“Coach Jonas was saying ‘shoot the ball,’” Roberson recalled, and in the second half she did. Roberson hit six of her eight field goal attempts. “I just hit the switch,” she said. “In the second half I decided to be myself again and just go out there, be aggressive and play.”
Lappe said Roberson wasn’t “really going, getting touches” in the first half. “She needs our offense to work, to move around her” while she “moves within the offense . . . she was on the receiving end of that (and) stepped up within the flow of the offense.”
Lappe also reiterated Roberson’s thought about her second-half play: “I thought she came out with a different mindset.”
But Roberson had plenty of help. Rachel Hargis tied a career high with 12 points and contributed four steals, while Lexy Kresl added 12 points, six rebounds and four assists. Brittany Wilson was CU’s fourth double-figure scorer with 11 points, while her twin sister Ashley added eight points.
The Buffs went up 6-0 on consecutive 3-pointers by Brittany Wilson and held the lead until the T-birds went to Carli Moreland, a senior from Broomfield. She scored six straight points to pull Southern Utah into a 16-16 tie with 5:42 left before the break.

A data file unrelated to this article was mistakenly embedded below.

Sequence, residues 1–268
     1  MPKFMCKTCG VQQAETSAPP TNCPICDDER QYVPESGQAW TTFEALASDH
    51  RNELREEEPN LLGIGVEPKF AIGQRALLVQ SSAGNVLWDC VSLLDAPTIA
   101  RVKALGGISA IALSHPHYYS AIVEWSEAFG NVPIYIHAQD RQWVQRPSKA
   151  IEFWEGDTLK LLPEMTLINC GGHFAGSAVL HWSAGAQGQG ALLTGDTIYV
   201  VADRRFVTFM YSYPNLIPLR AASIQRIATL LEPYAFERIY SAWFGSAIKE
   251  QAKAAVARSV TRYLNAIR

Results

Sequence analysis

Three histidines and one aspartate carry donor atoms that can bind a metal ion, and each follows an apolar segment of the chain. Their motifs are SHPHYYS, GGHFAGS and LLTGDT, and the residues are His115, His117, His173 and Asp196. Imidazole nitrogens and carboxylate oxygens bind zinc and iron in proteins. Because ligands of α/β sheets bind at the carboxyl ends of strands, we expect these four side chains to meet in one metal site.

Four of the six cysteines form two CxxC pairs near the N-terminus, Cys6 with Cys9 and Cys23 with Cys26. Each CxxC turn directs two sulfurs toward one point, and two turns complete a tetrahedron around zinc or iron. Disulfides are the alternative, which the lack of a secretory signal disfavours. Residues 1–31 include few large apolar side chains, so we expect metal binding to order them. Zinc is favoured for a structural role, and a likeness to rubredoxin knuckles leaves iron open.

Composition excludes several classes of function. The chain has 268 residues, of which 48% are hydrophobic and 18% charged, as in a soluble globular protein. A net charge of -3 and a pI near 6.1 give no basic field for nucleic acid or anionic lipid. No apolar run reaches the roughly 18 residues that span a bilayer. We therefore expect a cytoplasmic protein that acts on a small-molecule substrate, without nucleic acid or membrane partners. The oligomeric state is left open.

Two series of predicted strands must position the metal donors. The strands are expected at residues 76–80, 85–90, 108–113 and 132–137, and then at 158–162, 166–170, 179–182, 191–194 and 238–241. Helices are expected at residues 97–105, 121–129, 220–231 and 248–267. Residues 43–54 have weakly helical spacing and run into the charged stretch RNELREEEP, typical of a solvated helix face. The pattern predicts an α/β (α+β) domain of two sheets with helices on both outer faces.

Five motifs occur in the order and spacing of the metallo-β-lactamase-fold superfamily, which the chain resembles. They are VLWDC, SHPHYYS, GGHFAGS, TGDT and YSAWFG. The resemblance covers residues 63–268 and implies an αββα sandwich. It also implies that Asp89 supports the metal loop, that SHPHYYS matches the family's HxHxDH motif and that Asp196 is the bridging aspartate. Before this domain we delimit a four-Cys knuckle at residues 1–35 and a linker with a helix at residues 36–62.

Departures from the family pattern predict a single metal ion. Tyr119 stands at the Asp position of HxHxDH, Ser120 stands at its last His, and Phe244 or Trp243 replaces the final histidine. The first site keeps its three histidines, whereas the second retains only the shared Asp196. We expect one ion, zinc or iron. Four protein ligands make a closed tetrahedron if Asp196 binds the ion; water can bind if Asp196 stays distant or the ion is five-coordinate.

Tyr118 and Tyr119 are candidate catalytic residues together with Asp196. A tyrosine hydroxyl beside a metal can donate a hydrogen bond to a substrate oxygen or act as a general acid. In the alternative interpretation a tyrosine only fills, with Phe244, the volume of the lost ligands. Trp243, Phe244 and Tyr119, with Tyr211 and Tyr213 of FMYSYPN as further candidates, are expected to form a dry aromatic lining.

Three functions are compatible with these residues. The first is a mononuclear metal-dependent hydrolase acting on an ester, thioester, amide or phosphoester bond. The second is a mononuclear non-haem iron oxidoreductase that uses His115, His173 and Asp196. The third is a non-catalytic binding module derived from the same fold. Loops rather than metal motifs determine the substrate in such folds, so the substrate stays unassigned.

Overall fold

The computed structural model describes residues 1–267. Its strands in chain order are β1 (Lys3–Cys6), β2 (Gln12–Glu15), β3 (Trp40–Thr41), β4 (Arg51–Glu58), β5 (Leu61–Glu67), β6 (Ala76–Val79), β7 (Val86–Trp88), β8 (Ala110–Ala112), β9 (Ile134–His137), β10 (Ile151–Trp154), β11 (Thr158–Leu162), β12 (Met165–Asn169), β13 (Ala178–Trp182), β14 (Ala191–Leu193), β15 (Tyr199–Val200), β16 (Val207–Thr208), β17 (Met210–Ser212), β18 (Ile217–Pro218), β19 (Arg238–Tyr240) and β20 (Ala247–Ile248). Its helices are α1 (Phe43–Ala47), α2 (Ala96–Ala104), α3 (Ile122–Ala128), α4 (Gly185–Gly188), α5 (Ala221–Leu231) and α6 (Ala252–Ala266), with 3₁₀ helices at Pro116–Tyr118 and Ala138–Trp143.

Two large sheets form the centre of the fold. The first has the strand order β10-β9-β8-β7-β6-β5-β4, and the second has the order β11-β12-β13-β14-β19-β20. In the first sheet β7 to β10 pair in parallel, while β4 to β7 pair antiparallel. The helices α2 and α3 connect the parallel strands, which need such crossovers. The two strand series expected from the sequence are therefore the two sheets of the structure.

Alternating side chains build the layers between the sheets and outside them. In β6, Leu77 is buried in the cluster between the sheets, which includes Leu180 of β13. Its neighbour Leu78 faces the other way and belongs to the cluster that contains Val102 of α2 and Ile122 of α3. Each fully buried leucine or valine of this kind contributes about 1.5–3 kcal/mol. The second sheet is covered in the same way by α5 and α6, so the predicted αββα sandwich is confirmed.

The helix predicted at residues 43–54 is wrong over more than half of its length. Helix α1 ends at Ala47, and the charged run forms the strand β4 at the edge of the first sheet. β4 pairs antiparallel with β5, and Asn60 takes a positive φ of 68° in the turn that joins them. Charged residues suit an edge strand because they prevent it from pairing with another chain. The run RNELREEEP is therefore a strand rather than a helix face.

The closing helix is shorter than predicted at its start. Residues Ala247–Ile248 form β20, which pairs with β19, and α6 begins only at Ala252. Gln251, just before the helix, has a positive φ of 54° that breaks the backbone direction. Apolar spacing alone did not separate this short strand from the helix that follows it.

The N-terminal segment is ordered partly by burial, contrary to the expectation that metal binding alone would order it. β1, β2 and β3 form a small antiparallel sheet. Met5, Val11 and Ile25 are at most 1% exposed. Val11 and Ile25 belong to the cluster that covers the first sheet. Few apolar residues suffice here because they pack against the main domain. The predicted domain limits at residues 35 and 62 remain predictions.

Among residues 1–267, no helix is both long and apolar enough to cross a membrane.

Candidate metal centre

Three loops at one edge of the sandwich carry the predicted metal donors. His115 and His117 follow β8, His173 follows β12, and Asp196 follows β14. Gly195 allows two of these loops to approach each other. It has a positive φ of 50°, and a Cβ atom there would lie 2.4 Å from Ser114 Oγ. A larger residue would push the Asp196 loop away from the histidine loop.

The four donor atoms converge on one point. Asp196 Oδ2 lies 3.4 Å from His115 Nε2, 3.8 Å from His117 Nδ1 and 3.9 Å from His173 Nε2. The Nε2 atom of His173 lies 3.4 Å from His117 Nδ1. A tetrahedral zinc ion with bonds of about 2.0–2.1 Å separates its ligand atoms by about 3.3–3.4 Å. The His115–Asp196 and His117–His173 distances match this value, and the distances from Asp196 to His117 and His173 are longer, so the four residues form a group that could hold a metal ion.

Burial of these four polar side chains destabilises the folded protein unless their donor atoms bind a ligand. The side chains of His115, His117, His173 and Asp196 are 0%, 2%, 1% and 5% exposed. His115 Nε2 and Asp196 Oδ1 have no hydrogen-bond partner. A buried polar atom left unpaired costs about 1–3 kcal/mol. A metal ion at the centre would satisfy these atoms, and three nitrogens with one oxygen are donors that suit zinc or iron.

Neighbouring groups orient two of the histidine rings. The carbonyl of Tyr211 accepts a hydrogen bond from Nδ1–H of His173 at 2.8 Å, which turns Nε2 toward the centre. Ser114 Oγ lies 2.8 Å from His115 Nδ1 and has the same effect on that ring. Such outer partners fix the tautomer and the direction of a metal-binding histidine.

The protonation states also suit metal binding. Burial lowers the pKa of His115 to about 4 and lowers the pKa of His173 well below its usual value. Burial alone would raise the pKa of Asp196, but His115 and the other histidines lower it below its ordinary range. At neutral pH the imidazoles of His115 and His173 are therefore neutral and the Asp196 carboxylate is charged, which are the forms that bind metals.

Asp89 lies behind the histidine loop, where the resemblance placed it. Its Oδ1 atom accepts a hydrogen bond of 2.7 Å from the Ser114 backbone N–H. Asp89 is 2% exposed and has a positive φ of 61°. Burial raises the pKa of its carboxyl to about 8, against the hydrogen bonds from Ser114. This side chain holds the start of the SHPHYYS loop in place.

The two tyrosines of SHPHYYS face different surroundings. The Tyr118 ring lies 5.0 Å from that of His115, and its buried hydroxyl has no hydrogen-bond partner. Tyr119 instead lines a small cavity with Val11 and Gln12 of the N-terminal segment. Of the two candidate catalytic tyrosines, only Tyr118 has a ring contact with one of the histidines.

But that deadlock served as a launch point for the Buffs. They closed the half with a 12-5 run and led 28-21 at intermission, with a catch-and-shoot 3-pointer by Kresl on an in-bounds play at the shot clock buzzer highlighting the surge.
Moreland, meanwhile, got the T-Birds’ final five points of the half, giving her 11 straight. She finished with a game-high 17, with Desiree Harris coming off the bench to add 16.
Roberson had three first-half blocks and got her fourth – setting a career high – in the first minute of the second half. Lappe attributed her team’s 14 blocks to “great help-side” defense, with Roberson adding that communication was a big factor. “I think we did that very well in practice . . . I think it just carried over.”
After Roberson’s trey to open the second-half scoring, Hargis scored on a left-handed spin move and the Buffs were up 33-21, prompting a Southern Utah timeout with 18:22 to play. When the Buffs got one of two free throws from Ashley Wilson and a jumper from Roberson, their lead jumped to 15 (36-21) and the T-Birds were on the ropes.
Lappe called Hargis’ shot “huge. It helped our whole mindset in the second half. Rachel took really good shots and that’s the key . . . she wasn’t in a rush and was just taking her time.”
In scoring 51 second-half points, the Buffs shot 60.7 percent (17-of-28) from the field and finished at 47.9 percent (23-of-48) for the game. The T-Birds scored 27 points off of the Buffs’ 24 turnovers, but CU limited the visitors to 34.5 percent shooting (19-of-55) and held a 21-8 advantage in second-chance points.
That the Buffs are still playing is a large bonus for seniors such as Hargis and the Wilson sisters. “It’s always great to be able to continue to play when other teams are going home and other careers are done,” Hargis said. “We want to play as long as we can; it’s an awesome feeling.”
by B.G. Brooks, CUBuffs.com